We want you to have a safe, happy, and healthy summer. Everyday summer products can be unsafe if they are incorrectly used or if children are not supervised.
To have a safe summer, follow our top tips.
Portable swimming pools
Portable pools are a popular, cheaper alternative to in-ground pools, but they can be just as dangerous for children as they pose significant drowning risks.
In most parts of Australia, if a pool has 30cm of water in it, there’s a legal requirement for it to be fenced even for temporary use.
Anyone with a portable pool should remember to be SAFE:
- Supervise - within arm’s reach.
- Act - learn CPR and be emergency ready.
- Fence - pools deeper than 30cm.
- Empty - and store safely.
For more information visit the Make it safe website.
Christmas toys – button batteries and choking
The holidays are a great opportunity to check if any of the products you or your loved ones own have been recalled. Check our product recalls page for the latest information.
If you're rushing with last minute Christmas shopping, take time to check that gifts for little ones are age appropriate and don’t pose choking hazards. Be sure to read any warning labels and follow all safety instructions.
Look for products that don’t use button batteries. If they do, make sure the product has a secure battery compartment that can’t be opened by children. If swallowed or inserted, button batteries can cause severe injury within 2 hours. This can be fatal. If you suspect a child has swallowed a button battery, immediately call the Poisons Information Centre on 13 11 26.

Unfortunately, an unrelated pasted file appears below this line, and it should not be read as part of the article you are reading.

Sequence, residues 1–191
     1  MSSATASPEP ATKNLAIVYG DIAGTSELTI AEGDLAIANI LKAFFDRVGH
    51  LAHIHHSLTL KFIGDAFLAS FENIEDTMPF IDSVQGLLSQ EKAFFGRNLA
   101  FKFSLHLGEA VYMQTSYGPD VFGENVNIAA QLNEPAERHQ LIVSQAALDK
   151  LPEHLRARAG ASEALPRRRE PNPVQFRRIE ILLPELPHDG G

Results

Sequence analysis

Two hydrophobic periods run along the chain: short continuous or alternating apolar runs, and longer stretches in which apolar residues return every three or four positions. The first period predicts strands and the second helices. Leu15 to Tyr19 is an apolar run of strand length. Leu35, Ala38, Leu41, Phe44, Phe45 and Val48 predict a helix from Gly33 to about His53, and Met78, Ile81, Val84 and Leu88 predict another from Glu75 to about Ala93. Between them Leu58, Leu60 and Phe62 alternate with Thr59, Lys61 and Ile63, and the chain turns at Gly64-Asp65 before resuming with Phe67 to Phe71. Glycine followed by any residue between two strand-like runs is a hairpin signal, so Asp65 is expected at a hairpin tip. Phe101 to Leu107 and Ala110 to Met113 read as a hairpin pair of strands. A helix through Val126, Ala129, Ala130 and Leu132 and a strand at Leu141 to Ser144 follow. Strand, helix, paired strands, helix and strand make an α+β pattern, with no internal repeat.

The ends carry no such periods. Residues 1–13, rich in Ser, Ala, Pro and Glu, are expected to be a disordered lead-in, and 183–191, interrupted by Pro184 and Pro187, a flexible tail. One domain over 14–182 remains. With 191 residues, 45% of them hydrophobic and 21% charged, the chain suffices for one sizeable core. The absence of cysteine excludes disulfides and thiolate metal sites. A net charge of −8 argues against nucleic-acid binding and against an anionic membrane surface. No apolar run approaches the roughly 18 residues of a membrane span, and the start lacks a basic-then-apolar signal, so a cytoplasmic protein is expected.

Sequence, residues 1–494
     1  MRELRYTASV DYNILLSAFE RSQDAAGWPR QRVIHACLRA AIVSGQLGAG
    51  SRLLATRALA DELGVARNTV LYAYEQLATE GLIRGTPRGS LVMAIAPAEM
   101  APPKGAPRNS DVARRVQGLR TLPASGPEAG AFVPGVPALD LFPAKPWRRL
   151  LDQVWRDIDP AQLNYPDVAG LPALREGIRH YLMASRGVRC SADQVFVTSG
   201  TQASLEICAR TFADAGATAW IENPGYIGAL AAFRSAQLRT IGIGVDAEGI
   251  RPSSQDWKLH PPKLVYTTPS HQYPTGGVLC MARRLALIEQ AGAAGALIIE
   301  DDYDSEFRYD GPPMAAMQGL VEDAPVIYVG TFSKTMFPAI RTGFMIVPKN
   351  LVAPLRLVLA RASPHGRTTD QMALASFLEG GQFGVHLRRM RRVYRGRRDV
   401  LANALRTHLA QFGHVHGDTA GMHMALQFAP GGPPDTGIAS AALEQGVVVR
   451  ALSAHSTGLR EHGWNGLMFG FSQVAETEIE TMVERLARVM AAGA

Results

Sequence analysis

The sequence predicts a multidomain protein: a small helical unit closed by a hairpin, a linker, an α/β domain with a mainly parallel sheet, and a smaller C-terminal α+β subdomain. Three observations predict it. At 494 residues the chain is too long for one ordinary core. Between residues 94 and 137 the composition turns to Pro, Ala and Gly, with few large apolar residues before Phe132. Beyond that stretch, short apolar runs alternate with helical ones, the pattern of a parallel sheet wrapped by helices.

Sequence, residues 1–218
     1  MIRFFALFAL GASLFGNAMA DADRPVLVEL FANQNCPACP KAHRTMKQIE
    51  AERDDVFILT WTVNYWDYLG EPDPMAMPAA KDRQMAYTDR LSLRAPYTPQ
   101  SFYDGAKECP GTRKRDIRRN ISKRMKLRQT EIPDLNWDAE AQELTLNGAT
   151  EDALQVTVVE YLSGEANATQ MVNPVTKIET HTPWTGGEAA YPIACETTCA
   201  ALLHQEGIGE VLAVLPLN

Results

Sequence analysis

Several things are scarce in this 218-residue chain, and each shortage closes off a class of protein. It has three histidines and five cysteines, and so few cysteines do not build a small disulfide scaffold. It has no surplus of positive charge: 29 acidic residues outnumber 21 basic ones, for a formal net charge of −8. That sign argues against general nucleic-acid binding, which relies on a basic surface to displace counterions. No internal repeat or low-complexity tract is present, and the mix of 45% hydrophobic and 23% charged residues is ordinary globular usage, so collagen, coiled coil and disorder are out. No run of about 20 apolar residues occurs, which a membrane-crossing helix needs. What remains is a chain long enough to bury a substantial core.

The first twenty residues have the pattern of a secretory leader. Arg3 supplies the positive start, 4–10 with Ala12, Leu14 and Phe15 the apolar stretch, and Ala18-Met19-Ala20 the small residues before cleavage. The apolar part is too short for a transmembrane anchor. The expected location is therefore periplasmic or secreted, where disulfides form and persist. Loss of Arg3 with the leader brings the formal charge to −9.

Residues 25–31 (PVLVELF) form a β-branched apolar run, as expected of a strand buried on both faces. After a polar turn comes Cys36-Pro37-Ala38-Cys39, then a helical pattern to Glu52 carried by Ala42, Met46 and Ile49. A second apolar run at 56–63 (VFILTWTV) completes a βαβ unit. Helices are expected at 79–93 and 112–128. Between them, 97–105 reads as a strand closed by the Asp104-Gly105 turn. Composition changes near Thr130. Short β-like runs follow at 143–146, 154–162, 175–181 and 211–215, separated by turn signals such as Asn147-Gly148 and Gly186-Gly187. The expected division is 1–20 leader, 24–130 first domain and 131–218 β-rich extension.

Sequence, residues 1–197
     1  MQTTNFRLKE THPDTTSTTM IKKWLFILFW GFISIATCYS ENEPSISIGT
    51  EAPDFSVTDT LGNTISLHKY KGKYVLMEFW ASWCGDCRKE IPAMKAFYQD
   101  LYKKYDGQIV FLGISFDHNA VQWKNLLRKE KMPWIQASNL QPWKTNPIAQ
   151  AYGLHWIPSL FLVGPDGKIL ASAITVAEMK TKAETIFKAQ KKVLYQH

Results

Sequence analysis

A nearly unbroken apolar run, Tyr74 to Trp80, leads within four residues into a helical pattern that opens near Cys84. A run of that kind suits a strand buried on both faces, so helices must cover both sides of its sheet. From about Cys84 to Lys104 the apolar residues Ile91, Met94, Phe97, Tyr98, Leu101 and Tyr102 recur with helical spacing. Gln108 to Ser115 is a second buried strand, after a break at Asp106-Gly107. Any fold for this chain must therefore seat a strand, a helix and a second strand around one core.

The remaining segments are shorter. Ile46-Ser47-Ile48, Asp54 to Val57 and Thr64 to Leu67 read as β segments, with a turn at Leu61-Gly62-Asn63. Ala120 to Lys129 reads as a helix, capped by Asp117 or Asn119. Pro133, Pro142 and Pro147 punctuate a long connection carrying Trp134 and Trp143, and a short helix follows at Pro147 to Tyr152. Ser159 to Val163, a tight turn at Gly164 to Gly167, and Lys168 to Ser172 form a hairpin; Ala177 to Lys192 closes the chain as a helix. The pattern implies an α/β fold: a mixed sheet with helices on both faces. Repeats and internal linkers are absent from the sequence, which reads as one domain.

Trampolines may appear to be safe, but hundreds of Australian children are taken to hospital every year for trampoline-related injuries such as cuts, sprains and fractures. Don’t let your trampoline spring a nasty surprise. Trampolines should only be used by one child at a time.
Follow the 5-step safety checklist to keep kids safe on trampolines:
- one at a time
- safety padding
- check condition
- hazard free surrounds.
Aquatic toys and flotation devices can provide parents with a false sense of their child’s swimming ability. They are not safety devices. Children who can't swim may drown if their aquatic toy fails or if they don't use it properly.
When buying or using aquatic toys, check the age and weight restrictions to make sure the products are appropriate for use. Read the warning labels and packaging carefully and follow instructions for proper assembly and use.
Aquatic toys don't replace the need for active adult supervision – always supervise children around water.
A fun way for kids to zip around outdoors is on a motorised scooter but it’s important to remember these devices are not toys and are dangerous if used incorrectly.
Parents and caregivers should always:
- only buy age-appropriate devices
- make sure kids wear a helmet
- only allow one person per device
- unplug lithium-ion batteries once fully charged to prevent fires, explosions and serious injuries.